4. Christ vindicates/defends His people. Jesus Christ vindicates His children against the accusations of Satan. The Book of Job gives insight into Satan’s charges against God’s followers (Job being a typological figure for them), and how God stands against Satan and for them (Job 1:8, 9; 2:4; 42). It is plainly explained in the Book of Revelation, where His victory on the cross is described: “Then I heard a loud voice in heaven say: ‘Now have come the salvation and the power and the kingdom of our God, and the authority of his Christ. For the accuser of our brothers, who accuses them before our God day and night, has been hurled down. They overcame him by the blood of the Lamb and by the word of their testimony; they did not love their lives so much as to shrink from death. Therefore rejoice, you heavens and you who dwell in them! But woe to the earth and the sea, because the devil has gone down to you! He is filled with fury, because he knows that his time is short’” (Rev. 12:10–12).
        Jesus Christ personally withstood Satan’s accusations when He defeated him on the Cross (John 8:31; 16:11; Rev. 12:7–10). He was the Victor, and His followers can be victorious only because of Him. Our victory is His gift to us. Jesus Christ not only opposes Satan, the powers of darkness, and the principalities of evil (Eph. 6:10–13) but He also defends us against Satan’s accusations (Rev. 7:1; 12:10–12). He is placing a hedge of protection around his people (2 Kings 6:17; Job 1:10; Ps. 103:1–5). Thus, the intercessory ministry of Jesus Christ means that He personally stands against Satan to defend us and silence our accuser.
        Jesus Christ as our Intercessor vindicates His people in front of the whole universe (Dan. 7:9, 10; Eph. 3:10, 11). He is both our Advocate and Judge at the same time, so we can look forward with bold assurance and without fear to the day of judgment (1 John 2:28; 4:17). For who He is, for what He accomplished, and for what He does, He deserves to be eternally praised (Rom. 9:5; Rev. 5:9, 10, 12, 13).
        Jesus Christ is our Intercessor until the close of probation (Rev. 15:7, 8; 22:11). However, this does not mean that after this time, believers live without Christ (but only without His specific role and ministry as their Intercessor) and the help of the Holy Spirit. We will never live on our own independent of Him. This dependence will be maintained throughout eternity (Rev. 22:1–4).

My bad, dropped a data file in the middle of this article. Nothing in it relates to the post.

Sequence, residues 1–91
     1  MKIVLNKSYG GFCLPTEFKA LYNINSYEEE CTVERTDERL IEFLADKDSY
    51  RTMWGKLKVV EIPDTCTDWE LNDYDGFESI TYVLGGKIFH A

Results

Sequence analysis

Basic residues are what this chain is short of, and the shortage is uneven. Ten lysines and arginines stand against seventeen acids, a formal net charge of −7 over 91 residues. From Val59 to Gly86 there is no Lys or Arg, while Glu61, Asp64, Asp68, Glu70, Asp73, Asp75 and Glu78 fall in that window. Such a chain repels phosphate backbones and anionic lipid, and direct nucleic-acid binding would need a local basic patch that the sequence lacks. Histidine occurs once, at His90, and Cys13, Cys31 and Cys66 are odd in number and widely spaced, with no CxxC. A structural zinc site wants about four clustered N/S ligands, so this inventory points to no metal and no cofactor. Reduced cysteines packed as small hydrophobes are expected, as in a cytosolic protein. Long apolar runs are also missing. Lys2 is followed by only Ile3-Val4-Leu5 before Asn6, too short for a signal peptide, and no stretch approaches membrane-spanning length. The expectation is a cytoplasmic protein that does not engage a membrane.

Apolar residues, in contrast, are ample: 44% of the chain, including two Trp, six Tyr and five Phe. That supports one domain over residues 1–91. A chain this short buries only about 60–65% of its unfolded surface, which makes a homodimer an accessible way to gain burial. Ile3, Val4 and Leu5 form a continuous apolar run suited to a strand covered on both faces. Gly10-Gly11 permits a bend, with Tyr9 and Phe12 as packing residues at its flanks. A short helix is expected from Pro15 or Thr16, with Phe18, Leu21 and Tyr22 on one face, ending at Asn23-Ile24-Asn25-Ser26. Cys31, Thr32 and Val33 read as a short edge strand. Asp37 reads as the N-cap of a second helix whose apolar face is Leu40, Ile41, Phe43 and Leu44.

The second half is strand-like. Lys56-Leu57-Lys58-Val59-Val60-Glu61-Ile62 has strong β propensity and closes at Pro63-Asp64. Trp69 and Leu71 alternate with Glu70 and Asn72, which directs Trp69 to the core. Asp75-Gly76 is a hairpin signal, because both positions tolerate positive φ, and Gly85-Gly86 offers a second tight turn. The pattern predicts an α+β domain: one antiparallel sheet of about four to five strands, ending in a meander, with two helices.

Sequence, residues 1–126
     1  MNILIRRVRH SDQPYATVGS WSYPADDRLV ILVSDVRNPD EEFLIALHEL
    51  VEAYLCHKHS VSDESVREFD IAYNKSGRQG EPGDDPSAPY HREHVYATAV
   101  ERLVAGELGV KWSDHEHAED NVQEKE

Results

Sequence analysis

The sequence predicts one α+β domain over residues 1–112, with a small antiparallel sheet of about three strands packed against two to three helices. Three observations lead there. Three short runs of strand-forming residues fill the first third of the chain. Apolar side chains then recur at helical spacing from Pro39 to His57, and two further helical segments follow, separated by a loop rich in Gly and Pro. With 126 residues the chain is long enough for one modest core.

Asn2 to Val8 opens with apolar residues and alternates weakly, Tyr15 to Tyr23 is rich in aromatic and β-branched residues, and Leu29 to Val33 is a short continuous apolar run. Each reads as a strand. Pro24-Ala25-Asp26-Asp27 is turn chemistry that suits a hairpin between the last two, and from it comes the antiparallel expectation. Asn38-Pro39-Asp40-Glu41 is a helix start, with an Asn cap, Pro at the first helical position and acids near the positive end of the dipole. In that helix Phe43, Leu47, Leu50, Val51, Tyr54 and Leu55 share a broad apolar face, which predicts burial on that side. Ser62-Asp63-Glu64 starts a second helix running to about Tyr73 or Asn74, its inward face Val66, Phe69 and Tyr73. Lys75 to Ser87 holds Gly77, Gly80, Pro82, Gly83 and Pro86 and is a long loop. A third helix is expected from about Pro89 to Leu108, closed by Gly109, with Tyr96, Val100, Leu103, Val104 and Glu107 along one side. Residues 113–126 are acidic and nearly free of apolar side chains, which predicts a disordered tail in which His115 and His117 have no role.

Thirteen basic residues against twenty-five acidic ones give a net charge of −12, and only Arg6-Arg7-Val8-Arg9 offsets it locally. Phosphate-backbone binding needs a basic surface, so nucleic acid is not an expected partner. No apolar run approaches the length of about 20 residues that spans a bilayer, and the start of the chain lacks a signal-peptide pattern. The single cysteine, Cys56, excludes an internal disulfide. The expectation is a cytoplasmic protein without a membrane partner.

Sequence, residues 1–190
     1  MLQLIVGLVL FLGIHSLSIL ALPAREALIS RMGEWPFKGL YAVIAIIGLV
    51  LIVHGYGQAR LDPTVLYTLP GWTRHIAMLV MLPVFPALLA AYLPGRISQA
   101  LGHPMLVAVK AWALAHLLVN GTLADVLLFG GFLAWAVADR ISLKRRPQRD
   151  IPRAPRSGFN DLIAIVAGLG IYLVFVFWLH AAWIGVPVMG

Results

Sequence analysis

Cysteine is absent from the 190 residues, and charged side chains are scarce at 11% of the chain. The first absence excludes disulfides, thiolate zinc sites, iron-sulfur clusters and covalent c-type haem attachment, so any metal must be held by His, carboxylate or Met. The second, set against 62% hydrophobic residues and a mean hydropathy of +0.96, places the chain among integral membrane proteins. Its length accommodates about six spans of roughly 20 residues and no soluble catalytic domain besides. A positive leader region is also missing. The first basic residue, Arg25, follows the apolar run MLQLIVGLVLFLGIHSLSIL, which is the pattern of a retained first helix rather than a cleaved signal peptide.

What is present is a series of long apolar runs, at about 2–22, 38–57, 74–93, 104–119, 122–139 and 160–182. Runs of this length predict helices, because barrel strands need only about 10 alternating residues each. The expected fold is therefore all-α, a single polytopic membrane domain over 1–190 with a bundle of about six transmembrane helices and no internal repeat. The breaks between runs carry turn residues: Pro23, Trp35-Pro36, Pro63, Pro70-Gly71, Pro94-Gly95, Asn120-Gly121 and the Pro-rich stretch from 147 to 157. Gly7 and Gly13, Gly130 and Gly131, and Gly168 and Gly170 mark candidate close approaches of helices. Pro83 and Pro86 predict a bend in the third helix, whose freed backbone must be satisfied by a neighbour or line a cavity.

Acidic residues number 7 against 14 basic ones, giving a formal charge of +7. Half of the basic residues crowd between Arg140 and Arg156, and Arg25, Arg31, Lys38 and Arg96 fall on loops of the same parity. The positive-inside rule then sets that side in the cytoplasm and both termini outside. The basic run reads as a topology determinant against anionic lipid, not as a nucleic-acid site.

Even more intensely will the Holy Spirit be with His people and carry them through the last short period of time when they will live without the intercessory ministry of Christ, since it will no longer be necessary because He has saved them completely, begun in them the process of powerful transformation, and vindicated them in front of the universe (Matt. 25:1–10; John 15:5; Rom. 8:14; 1 Thess. 5:23, 24; Heb. 12:1, 2; Rev. 3:10). During this short period of time before the second coming of Christ, between the close of probation and our glorification, the true believers will still need to be covered by the results of the Cross, the atoning merits of Christ, because of our sinful natures. We will still have a need for a “constant dependence upon the atoning blood of Christ.”21
 
Conclusion
        One can observe an incredible pattern in the whole Bible regarding God’s intercessory ministry. It is very positive toward His people because He is for them, never against them, and wants to save. This crucial role of Jesus Christ’s is indispensable as the following statement indicates: “What does intercession comprehend? It is the golden chain which binds finite man to the throne of the infinite God. The human agent whom Christ has died to save importunes the throne of God, and his petition is taken up by Jesus who has purchased him with His own blood. Our great High Priest places His righteousness on the side of the sincere suppliant, and the prayer of Christ blends with that of the human petitioner.”22
        Ellen G. White further explains the vast efficacy of Christ’s intercessory ministry: “All blessings must come through a Mediator. Now every member of the human family is given wholly into the hands of Christ, and whatever we possess—whether it is the gift of money, of houses, of lands, of reasoning powers, of physical strength, of intellectual talents—in this present life, and the blessings of the future life, are placed in our possession as God's treasures to be faithfully expended for the benefit of man. Every gift is stamped with the cross and bears the image and superscription of Jesus Christ. All things come of God. From the smallest benefits up to the largest blessing, all flow through the one Channel—a superhuman mediation sprinkled with the blood that is of value beyond estimate because it was the life of God in His Son.”23